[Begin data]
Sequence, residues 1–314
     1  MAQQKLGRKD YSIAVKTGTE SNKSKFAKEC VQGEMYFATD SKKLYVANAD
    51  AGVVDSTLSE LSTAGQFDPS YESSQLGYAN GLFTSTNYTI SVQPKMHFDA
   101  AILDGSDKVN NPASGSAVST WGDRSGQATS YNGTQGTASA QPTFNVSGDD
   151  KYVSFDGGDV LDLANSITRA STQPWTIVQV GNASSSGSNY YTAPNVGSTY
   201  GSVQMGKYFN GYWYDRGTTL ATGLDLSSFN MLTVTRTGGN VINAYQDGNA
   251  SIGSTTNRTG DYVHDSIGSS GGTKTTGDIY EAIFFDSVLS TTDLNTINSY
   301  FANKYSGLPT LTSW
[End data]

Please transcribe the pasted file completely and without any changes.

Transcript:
Sequence, residues 1–314
     1  MAQQKLGRKD YSIAVKTGTE SNKSKFAKEC VQGEMYFATD SKKLYVANAD
    51  AGVVDSTLSE LSTAGQFDPS YESSQLGYAN GLFTSTNYTI SVQPKMHFDA
   101  AILDGSDKVN NPASGSAVST WGDRSGQATS YNGTQGTASA QPTFNVSGDD
   151  KYVSFDGGDV LDLANSITRA STQPWTIVQV GNASSSGSNY YTAPNVGSTY
   201  GSVQMGKYFN GYWYDRGTTL ATGLDLSSFN MLTVTRTGGN VINAYQDGNA
   251  SIGSTTNRTG DYVHDSIGSS GGTKTTGDIY EAIFFDSVLS TTDLNTINSY
   301  FANKYSGLPT LTSW